Freud and Monotheism: Moses and the Violent Origins of Religion

Freud and Monotheism: Moses and the Violent Origins of Religion

Freud and Monotheism: Moses and the Violent Origins of Religion

Freud and Monotheism: Moses and the Violent Origins of Religion

Excerpt

Gilad Sharvit and Karen S. Feldman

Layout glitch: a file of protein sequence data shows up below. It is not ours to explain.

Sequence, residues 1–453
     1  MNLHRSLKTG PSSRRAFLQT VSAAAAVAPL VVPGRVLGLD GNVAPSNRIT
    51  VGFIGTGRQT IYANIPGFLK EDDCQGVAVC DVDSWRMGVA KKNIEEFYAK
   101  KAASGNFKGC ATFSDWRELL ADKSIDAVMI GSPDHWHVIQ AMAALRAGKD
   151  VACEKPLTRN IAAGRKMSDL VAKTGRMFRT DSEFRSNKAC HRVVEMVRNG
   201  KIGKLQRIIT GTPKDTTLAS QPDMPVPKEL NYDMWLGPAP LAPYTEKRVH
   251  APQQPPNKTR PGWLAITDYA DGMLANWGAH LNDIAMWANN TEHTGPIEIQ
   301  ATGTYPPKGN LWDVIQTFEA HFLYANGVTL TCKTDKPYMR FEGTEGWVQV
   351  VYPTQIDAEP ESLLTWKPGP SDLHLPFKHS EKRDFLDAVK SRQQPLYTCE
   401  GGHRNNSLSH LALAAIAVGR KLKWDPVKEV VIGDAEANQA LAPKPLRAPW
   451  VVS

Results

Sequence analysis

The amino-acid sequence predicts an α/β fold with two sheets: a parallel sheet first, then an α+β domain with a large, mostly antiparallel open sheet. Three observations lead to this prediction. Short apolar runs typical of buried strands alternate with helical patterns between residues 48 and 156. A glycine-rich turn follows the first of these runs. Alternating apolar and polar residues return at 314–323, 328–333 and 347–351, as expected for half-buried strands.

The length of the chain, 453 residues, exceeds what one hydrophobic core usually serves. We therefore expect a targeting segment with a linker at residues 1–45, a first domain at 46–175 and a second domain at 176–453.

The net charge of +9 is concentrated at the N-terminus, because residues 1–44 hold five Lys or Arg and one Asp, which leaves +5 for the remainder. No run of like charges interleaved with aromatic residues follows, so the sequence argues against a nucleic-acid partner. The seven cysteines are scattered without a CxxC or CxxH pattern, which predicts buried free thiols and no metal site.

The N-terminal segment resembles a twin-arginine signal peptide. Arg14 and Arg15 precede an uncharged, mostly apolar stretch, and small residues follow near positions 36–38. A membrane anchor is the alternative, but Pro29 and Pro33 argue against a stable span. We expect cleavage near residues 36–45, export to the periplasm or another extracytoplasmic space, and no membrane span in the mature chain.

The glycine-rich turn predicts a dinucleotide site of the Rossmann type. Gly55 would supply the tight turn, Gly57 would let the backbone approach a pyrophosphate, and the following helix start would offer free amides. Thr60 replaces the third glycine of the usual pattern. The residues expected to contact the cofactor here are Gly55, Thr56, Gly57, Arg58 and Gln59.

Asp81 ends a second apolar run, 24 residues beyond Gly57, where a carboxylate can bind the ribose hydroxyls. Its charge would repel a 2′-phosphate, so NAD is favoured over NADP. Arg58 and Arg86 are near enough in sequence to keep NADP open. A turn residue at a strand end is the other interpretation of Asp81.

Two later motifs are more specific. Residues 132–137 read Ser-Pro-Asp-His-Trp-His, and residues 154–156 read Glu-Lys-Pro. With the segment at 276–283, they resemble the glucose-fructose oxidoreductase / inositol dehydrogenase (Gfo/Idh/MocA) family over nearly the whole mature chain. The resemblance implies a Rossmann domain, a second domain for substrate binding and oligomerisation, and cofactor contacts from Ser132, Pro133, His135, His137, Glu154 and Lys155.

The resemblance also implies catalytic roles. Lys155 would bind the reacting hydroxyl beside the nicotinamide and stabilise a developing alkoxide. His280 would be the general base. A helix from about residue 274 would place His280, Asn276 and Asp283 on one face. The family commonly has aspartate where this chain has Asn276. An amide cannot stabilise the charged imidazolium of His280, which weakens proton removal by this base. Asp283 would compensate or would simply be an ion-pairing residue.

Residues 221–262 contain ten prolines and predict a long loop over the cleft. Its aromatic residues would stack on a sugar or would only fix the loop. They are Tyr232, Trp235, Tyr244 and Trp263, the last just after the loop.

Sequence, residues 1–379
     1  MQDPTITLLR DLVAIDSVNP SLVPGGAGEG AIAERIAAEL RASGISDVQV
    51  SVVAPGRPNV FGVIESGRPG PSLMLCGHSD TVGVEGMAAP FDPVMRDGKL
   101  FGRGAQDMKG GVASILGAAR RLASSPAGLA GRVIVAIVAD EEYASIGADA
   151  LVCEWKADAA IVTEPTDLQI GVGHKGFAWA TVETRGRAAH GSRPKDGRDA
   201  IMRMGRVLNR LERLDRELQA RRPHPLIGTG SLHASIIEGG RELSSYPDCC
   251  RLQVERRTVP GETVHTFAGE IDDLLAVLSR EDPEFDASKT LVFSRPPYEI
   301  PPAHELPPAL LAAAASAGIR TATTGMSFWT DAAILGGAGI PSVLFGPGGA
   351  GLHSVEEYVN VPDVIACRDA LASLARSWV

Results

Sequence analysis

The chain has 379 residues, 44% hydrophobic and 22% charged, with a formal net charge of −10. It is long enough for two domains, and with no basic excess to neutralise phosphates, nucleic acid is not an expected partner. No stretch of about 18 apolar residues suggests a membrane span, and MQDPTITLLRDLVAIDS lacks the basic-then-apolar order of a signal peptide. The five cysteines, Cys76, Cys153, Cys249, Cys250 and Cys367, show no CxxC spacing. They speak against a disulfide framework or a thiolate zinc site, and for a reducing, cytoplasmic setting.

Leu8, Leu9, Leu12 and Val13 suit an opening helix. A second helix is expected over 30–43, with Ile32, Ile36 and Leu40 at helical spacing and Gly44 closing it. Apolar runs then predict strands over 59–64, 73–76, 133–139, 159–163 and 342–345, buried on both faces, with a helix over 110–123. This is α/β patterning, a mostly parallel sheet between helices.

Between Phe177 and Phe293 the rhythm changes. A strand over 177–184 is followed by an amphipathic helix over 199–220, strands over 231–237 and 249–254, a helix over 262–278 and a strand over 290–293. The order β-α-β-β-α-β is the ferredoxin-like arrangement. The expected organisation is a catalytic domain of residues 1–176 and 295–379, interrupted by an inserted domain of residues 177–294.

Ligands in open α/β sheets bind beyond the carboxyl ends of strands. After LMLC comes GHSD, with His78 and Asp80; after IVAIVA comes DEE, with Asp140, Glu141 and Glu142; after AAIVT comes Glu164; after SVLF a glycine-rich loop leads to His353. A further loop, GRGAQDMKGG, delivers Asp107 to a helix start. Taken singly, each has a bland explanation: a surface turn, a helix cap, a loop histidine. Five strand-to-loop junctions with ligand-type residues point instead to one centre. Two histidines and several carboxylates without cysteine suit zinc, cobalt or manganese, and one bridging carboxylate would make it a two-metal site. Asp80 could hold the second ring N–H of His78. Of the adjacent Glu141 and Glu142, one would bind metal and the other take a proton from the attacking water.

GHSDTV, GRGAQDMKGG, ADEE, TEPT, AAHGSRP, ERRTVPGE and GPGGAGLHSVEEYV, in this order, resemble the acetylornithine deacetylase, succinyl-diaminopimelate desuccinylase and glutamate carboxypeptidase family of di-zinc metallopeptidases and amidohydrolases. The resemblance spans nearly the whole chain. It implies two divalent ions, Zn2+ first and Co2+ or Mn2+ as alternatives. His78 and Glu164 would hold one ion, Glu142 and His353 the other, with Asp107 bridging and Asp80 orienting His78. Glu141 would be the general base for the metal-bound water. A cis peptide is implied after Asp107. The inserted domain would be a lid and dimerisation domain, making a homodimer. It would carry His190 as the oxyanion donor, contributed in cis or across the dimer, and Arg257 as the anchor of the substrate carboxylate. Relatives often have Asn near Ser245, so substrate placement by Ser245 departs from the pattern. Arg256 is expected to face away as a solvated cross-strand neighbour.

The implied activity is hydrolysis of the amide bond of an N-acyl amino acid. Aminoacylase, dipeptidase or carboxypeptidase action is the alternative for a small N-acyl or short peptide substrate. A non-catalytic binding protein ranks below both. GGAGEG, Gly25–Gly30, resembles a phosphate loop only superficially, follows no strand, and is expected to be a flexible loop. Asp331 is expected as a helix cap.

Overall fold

There are many points of entry to Sigmund Freud’s monumental Moses and Monotheism (1939). Freud’s last work presented a remarkable contribution to a wide array of topics. the book revisited neo-Lamarckian theories of heredity, offered a theory of the formation of religions, mounted radical criticism against modern historiography, and presented a new psychoanalytic theory of the collective mind and of trauma. the historical context of the book, and Freud’s personal motivations, however, fed the book’s sense of urgency. Freud began to work on his new book on “The Man Moses” in Vienna in the summer of 1934. It was only a year after his works were added to the Nazi list of blacklisted books and burnt in the great fire that portended the dark times to come. in Moses and Monotheism, Freud addressed that upheaval. His book originated out of a desire to shed light on the anti-Semitism that would come to motivate the horrors awaiting Europe. As he revealed to his close friend the Austrian author Arnold Zweig, Freud would use his psychoanalysis to explain the long history of the hatred of his people.

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